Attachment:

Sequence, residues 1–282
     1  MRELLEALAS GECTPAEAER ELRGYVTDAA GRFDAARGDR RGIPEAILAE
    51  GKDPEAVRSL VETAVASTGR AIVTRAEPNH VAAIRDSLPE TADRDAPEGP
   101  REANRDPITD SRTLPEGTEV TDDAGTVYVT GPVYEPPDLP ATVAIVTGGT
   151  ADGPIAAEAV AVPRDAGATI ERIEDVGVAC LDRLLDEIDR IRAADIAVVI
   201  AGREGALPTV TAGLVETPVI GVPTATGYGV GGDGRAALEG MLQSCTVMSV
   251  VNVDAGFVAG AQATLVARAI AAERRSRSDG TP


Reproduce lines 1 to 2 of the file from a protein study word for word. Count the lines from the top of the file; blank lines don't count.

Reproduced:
Sequence, residues 1–282
     1  MRELLEALAS GECTPAEAER ELRGYVTDAA GRFDAARGDR RGIPEAILAE